The following story is a fictionalized version of a real event reflecting laws that may not apply to your jurisdiction. This article is produced for entertainment purposes only and should not be interpreted as legal advice. Readers are advised to seek legal advice relevant to their circumstances, the jurisdiction in which their matter pertains to and the laws in place therein.


Dorothy Hastings smiled at her young therapy patient. “It’s amazing, Molly, how you’ve managed to turn your life around, especially with all the difficult times you’ve had since you were young.”

The words didn’t lift Molly’s spirits. “How can you be proud of my progress? I spent 14 days in prison for shoplifting. That’s a black mark against me for the rest of my life.”

Dorothy put a hand on Molly’s shoulder. “Shoplifting is a reaction to stress. You’ve done everything now to control stress: diet, exercise, a job you like, positive relations. You’re well on your way. You don’t need me now on a regular basis. Call me only if you need me.”

Later, sitting in her car at a red light, Molly was thinking about a weekend of hiking when she felt a terrible jolt.

A young man in a Camaro had rear-ended her. Molly was thrown against the steering wheel.

The street was suddenly full of people.

The driver behind the Camaro was shouting and waving his arms. “I’m an off-duty police officer. Stop that Camaro. He’s out of control. I’ve been following him for five blocks. He just had another accident three minutes ago.”

The Camaro driver panicked. His car bashed into Molly’s vehicle again. He leapt out and began to run away.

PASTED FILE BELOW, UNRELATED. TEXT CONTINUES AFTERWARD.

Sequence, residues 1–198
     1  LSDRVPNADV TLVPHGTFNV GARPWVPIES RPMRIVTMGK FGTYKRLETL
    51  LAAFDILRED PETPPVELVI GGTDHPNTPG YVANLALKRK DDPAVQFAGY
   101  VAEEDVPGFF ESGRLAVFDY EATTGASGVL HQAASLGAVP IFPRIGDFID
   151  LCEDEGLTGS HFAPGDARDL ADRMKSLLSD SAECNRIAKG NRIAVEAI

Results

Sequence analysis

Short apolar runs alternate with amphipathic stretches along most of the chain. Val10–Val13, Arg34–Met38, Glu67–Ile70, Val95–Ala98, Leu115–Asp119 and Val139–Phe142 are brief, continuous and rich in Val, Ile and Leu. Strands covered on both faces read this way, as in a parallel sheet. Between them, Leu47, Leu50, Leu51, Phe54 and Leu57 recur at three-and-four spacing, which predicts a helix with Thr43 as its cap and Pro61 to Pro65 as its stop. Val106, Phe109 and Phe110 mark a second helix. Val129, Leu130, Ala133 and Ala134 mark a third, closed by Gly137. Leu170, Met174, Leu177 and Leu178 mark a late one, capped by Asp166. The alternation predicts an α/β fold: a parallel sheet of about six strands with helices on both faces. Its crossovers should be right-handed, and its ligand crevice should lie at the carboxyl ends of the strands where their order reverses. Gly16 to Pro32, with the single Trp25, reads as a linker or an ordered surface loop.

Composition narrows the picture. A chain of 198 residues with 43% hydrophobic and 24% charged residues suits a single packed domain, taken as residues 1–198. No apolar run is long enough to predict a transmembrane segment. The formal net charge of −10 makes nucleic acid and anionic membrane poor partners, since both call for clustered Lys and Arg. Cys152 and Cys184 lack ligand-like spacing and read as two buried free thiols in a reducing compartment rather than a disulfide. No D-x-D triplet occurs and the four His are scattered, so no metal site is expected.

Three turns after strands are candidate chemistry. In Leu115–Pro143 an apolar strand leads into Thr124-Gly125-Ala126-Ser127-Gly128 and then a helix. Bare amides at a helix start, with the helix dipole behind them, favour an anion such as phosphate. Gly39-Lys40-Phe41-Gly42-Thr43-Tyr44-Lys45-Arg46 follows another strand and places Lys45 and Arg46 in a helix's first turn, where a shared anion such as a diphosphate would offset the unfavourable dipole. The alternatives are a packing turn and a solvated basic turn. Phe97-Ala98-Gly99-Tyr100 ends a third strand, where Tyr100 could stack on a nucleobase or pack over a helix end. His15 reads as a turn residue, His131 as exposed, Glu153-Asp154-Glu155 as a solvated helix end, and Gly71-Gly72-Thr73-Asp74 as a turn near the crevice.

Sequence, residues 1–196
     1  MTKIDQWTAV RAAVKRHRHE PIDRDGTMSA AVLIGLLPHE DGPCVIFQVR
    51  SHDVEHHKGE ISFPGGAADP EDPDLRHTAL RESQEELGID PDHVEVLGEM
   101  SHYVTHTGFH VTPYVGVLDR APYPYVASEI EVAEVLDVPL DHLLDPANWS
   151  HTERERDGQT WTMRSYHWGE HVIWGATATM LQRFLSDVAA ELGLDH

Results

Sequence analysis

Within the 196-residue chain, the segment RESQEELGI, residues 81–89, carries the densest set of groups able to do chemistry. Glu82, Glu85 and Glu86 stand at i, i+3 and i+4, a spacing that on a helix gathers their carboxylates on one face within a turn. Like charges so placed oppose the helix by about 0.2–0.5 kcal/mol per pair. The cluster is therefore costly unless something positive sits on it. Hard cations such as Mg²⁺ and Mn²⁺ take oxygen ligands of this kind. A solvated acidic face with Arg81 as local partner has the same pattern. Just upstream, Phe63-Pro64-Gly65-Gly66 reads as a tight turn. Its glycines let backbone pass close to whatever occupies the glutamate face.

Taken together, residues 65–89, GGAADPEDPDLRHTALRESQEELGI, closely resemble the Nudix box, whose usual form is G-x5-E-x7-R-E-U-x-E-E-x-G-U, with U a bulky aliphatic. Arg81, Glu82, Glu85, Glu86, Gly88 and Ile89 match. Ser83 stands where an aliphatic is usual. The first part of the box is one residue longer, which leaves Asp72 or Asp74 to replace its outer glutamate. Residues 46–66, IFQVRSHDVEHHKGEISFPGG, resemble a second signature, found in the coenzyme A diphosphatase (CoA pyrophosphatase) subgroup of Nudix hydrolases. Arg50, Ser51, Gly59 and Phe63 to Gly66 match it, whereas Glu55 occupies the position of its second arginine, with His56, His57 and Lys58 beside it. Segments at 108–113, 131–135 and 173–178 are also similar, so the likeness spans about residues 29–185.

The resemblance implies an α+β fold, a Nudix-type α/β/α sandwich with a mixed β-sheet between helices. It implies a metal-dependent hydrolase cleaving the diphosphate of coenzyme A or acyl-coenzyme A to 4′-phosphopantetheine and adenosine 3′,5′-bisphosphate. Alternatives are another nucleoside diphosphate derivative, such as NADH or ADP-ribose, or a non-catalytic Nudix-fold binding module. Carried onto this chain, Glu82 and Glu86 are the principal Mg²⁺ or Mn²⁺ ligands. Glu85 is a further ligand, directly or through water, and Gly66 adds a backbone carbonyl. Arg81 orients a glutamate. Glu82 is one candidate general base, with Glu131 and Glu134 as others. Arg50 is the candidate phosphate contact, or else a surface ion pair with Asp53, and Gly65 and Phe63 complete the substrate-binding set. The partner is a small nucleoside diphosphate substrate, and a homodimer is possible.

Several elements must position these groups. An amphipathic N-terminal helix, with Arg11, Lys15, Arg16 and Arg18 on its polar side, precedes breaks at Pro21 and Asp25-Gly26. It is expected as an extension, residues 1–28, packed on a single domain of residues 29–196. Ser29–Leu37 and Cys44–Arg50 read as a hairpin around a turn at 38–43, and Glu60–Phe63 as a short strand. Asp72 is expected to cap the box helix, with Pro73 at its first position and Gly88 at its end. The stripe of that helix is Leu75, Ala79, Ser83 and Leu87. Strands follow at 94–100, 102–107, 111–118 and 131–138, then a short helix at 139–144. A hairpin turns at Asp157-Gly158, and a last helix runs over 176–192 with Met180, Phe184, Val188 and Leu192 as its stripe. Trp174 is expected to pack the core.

Meanwhile, someone had called for an ambulance for Molly.

Molly was released from hospital. But her symptoms persisted. Neck and back pain. Stomach pain. And vomiting. Her life was a nightmare.

The doctor told her she was suffering from anorexia and bulimia – eating disorders.

Molly sued the Camaro driver, whose name was Wilson.


Wilson argued, “Your honor, it’s ridiculous. The car accident could never have caused her to develop an eating disorder. She got the eating disorder from a series of traumatic events throughout her life. Those stresses caused her to develop an eating disorder. Not the accident. Don’t let her get away with this ridiculous claim.”

Molly argued, “Your honor, I have had my problems but I had been making a number of sensible decisions when the accident occurred. I was getting my life together and Wilson took it away from me. I did not suffer from an eating disorder before the accident.”

Should Wilson pay? You! Be The Judge. Then look below for the decision of the court.

Have you been involved in an accident?
If you are in need of a lawyer, Ahlstrom Wright is here for you.

Ahlstrom Wright has offices in Sherwood Park, AB and Yellowknife, NWT

For a free consultation, contact Ahlstrom Wright.


“Pay up,” the court ordered.. Although Molly had a number of predisposing factors that rendered her susceptible to eating disorders, the accident was a significant contributor to the onset of the illness. There was no persuasive evidence that Molly would have developed an eating disorder if it had not been for the accident. Wilson was ordered to pay more than $400,000 in damages.